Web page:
William Bridge, a seventeenth century Puritan minister, and author of A Lifting Up for the Downcast, fills his book with ways to be encouraged when you are under discouragement or depression. In one particular chapter titled “A Lifting Up in the Case of Great Sins” he outlines several ways to be lifted up even after committing great sins.
One of the reasons he recommends for not being discouraged over your sins is that discouragement itself is a sin against the gospel. Countering the question, “Shouldn’t I be discouraged because of such and such a sin?” He answers, “No! for discouragement itself is a sin, another sin, a gospel sin.” (68). The biggest problem with discouragement is that it doubts the gospel. Depression over sin believes that sins power is greater than gospel power. Consequently, we must fight proneness toward discouragement and depression with all our might.
The biggest problem with discouragement is that it doubts the gospel. Depression over sin believes that sins power is greater than gospel power.
In the following I summarize and elaborate on some of Bridge’s reasons for Christians not to be depressed and discouraged over their besetting sins:
1. You will never be condemned for your sin because Christ was condemned for you. Since Christ was made sin for his saints, Bridge argues, “…sin shall not hurt them” (69). He quotes Luther, who wrote, “‘Christ is made sin-damning, our sin is sin damned: I confess, indeed…that I have sinned, but sin-damning is stronger than sin-damned, and Christ was made sin-damning for me'” (69).
2. You will never be forsaken by God for your sins even though you may lose a sense of the presence of God because of your sins. Your “sins may hide God’s face…but shall never turn God’s back” (70). God’s covenant of mercy with his people is unalterable, and as a part of the people of God mercy is yours forever. You will be disciplined for sin, but never experience God’s wrath for your sin. The comforts of God’s presence may be felt as lost, but the privileges of the believer remain. “This sin of mine, indeed, it is a pest, and the plague of my soul, and a leprosy…[and] although I cannot come to the use of Him as I did before, yet I have right unto Jesus Christ now, as I had before” (73).
3. Your abundant sins are overruled by God’s superabundant grace. Paul, in Romans 11:32, says that God “shut up all to disobedience” in order to have mercy on all. Therefore “God never permits His people to fall into any sin but He intends to make that sin an inlet unto further grace and comfort to them” (71). Furthermore, “He never permits any of His people to fall into any sin, but He hath a design by that fall to break the back of that sin they do fall into” (72).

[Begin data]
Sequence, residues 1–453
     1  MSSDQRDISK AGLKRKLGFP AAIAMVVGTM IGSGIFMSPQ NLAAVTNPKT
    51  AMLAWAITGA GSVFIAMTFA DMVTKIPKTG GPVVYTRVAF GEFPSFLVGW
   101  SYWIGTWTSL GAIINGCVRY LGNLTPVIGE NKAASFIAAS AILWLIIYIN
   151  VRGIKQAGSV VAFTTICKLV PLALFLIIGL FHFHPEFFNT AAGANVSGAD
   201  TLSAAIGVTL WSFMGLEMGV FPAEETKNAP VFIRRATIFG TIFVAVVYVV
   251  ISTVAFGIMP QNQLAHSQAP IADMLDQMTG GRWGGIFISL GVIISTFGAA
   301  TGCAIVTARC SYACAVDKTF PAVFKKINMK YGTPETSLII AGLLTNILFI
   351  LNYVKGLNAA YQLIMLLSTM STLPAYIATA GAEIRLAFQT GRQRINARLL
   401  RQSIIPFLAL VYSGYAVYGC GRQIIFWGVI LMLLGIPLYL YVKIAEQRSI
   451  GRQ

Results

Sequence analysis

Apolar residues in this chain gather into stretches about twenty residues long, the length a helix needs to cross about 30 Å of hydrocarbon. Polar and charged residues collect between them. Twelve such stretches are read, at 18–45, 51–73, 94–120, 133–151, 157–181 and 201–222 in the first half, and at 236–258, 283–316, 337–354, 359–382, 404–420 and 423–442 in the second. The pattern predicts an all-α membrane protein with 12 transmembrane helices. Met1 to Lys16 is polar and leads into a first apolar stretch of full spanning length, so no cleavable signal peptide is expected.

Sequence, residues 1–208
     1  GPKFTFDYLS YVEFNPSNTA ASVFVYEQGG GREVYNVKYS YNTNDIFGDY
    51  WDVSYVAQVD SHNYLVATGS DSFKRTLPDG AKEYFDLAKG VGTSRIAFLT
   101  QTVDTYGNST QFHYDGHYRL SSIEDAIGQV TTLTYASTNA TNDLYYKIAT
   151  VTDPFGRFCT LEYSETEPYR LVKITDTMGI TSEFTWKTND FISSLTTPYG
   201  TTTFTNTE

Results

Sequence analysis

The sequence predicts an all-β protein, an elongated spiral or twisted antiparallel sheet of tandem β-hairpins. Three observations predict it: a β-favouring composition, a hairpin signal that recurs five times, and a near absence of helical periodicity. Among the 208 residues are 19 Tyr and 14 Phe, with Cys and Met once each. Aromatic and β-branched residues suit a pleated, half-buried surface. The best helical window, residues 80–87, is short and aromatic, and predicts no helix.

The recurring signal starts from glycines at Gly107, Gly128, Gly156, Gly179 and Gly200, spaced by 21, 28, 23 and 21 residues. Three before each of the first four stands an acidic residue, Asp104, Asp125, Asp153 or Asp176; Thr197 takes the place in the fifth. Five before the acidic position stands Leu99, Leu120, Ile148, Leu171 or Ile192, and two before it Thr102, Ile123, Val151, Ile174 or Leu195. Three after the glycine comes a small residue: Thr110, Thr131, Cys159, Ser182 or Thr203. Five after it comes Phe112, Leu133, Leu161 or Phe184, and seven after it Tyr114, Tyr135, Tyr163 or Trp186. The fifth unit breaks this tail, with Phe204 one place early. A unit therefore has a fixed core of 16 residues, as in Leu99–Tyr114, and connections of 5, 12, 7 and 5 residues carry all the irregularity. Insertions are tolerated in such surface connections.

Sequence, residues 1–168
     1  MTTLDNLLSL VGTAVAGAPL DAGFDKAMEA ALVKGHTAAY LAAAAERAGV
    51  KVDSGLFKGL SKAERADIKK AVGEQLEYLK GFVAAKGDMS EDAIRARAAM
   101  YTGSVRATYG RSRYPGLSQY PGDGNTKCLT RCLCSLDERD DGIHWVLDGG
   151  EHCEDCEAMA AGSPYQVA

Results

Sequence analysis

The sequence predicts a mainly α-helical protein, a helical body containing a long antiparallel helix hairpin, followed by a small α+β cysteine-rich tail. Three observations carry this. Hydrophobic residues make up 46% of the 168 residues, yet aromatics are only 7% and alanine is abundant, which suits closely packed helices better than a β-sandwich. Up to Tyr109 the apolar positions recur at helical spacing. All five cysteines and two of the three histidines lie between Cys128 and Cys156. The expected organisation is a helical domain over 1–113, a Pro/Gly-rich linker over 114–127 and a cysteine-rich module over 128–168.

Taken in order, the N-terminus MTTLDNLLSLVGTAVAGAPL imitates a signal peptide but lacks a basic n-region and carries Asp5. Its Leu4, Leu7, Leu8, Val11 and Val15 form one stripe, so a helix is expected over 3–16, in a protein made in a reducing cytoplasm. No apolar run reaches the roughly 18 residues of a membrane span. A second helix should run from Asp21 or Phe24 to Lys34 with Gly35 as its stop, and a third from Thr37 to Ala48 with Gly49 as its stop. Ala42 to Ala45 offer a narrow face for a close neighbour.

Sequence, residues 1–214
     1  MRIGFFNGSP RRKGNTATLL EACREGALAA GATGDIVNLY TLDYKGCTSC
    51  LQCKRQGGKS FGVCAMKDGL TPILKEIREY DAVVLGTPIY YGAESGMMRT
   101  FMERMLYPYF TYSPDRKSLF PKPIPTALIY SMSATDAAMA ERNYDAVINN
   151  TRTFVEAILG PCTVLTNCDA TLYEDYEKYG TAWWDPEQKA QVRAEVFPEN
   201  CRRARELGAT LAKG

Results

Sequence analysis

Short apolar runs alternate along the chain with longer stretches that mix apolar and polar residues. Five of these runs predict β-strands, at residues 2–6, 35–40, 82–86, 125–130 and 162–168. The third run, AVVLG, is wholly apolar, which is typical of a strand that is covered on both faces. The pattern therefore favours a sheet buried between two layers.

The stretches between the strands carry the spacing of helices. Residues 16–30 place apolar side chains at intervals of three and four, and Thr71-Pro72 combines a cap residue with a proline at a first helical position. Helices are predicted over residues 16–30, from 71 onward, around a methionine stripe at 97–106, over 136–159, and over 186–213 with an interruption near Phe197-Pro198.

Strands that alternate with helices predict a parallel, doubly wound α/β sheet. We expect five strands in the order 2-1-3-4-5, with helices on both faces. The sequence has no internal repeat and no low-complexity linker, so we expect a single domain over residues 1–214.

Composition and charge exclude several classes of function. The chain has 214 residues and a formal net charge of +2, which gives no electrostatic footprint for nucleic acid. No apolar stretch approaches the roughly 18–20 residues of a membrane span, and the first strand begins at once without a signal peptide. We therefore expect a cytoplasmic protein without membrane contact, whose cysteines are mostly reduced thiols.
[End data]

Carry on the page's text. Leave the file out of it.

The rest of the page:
4. Your power for great sin is not as strong as God’s greater power to forgive. Bridge asks, “Is your sin as big as God, as big as Christ? Is Jesus Christ only a Mediator for small sins? Will you bring down the satisfaction of Christ, and the mercy of God, to your own model?” (74). David sinned greatly and confessed it in Psalm 25:11, and if David’s great sins can be forgiven so can yours.
Discouragement sees only God as Judge, while humility sees God as a just Judge and loving Father.
5. The commandment you have broken by sinning always has a promise attached to it. He states,
God has joined commandment and promise together; the promise and the commandment are born twins. There is never a commandment that you read of but has a promise annexed to it, a promise of assistance, a promise of acceptance, and a promise of reward. If you look upon the commandment itself without a promise, then you will despair; if you look upon the promise without the commandment, then you will presume: but look upon the promise and the commandment…together, then you will be humbled if you have sinned, but you will not be discouraged (83-84).
6. You should be humbled by your sins but not be depressed by them because God is a forgiving Father. The author continues,
God is not pleased with grief for grief, God is not pleased with sorrow for sorrow. The purpose of all our sorrow and grief is, to embitter our sin to us, to make us prize Jesus Christ, to wean us from the delights and pleasures of the creature, to reveal the deceitfulness and naughtiness of our own hearts (79).
The difference between humility over sin and depression over sin is the difference between a God-centered view of sin and a man-centered one. Man-centered views of sin bring massive discourgament because one is primarily focused one their own condition and says, “I have sinned; I have thus and thus sinned, and therefore my condition is bad, and if my condition be bad now, it will never be better; Lord what will become of my soul? (81). On the other hand, God-centered views of your sin are primarily focused on sin as an offense against God. Since sin is an offense against the God who is revealed also as a forgiving God, one can be forgiven and humbled for sin instead of discouraged and proud. Discouragement sees only God as Judge, while humility sees God as a just Judge and loving Father. Humility and discouragement have an inverse relationship. Bridge states, “…the more you are discouraged, the less you will be humbled; and the more humbled you are, the less discouraged you will be” (83). Therefore labor to seek true humility by focusing on the God-centered nature of your sin and seeking to know your Father more.